Even before reaching the hide in the Stramba Valley we see the first bears – a female with two cubs. They run up a small hill into the beech forest, hardly aware our presence. Under the guidance of a local forester we climb the stairs to the wooden hide and looking outside the window we see another female with three cubs feeding on the remains of a dead cow.
Whilst the sun descends behind the Carpathian Mountains we see more than 12 bears – most of them feeding on corn provided by the forester. And when we finally leave the hide, we find ourselves all looking into the deep shadows of the beech trees, knowing that the bears are fully aware that they will soon have the forest to themselves again.every region could create its own, attractive list, and the charismatic wildlife species could be used as the USP for marketing, development of tourism products, and restoring rural economies.every region could create its own, attractive list, and the charismatic wildlife species could be used as the USP for marketing, development of tourism products, and restoring rural economies.
The bear watching facility was established a few years ago by the Romanian State Forestry – ROMSILVA – and between April and early November, more than 1,000 visitors come to see the bears. Some ten tour operators cater for these clients. With an individual charge of € 20 plus € 25 for photographers, the operations generate between € 20,000 and € 30,000 of income annually. The hide was originally built for shooting bears, but with a yearly quota of 1-2 bears, ROMSILVA would only receive an income of around € 12-15,000. So it is almost twice as profitable for the local managers showing bears to tourists than to hunt them. In Finland, with a more professional set-up, the local tourists are charged € 250 per day….. Within Rewilding Europe one of the activities is to promote wildlife watching across Europe. Wildlife watching is one of the fastestgrowing tourism sectors in the world. In many countries, nature and wildlife is often a top reason for visitors to come at all. All travel destinations need spearhead attractions and in the nature category, large, charismatic species in particular qualify.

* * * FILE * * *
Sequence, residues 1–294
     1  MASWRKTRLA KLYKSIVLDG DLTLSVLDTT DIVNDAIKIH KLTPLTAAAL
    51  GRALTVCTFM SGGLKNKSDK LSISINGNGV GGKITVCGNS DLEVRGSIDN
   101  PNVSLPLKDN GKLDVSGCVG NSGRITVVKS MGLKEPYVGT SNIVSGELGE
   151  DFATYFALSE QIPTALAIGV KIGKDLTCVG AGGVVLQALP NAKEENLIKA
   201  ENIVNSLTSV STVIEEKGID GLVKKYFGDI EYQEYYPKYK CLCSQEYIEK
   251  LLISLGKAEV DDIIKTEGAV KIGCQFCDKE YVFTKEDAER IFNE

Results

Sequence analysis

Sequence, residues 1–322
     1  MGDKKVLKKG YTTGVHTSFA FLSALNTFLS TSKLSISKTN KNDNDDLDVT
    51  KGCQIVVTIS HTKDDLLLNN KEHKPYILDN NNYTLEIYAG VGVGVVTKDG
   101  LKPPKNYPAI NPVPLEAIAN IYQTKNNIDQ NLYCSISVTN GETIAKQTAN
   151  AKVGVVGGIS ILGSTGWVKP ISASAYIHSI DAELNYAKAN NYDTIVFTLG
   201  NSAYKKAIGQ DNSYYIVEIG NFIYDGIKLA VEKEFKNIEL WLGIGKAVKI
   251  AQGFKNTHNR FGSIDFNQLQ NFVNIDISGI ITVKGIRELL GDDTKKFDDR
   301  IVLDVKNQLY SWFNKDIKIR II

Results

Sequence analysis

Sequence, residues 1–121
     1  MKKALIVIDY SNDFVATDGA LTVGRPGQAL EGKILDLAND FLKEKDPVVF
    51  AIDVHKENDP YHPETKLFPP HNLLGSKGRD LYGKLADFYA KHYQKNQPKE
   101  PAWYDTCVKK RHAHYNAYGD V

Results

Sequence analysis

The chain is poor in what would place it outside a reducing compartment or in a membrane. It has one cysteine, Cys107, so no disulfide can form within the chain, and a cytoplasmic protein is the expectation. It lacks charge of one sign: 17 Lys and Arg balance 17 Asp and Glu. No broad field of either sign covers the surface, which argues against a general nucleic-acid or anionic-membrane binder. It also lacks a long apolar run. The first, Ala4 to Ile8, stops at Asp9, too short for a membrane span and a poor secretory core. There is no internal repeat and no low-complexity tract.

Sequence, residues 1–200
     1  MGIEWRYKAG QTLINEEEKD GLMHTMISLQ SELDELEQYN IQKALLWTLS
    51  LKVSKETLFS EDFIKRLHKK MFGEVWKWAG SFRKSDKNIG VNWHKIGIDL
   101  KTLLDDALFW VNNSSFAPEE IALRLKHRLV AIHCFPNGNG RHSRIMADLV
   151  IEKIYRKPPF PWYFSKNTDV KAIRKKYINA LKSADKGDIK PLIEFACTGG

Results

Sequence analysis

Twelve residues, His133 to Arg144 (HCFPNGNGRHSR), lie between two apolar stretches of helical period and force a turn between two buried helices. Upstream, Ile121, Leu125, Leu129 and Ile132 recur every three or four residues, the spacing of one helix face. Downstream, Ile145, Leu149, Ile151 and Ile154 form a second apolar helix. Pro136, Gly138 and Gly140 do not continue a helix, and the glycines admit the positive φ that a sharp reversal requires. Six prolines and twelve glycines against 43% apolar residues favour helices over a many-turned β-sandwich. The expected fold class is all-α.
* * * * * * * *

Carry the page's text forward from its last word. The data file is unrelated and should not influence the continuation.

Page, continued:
Europe has its own impressive “Big Fives”, and there is a long list to choose from: bison, wolf, bear, moose, wolverine, red deer, ibex, lynx, chamois, seals, wild horse, eagles, pelicans, cranes, and whales. In fact, every region could create its own, attractive list, and the charismatic wildlife species could be used as the USP for marketing, development of tourism products, and restoring rural economies.
However, since wildlife in Europe is often associated with hunting areas, wildlife watching facilities require an agreement with the local hunting association – or, as in the case of the Stramba Valley, that the local managers run the operations themselves. But next year, a private individual has bought the hunting rights in Stramba for the next ten years. Maybe the bears will soon be facing a rifle rather than a camera lens sticking out of the hide? Why have we given hunters the monopoly on our wildlife – a public treasure?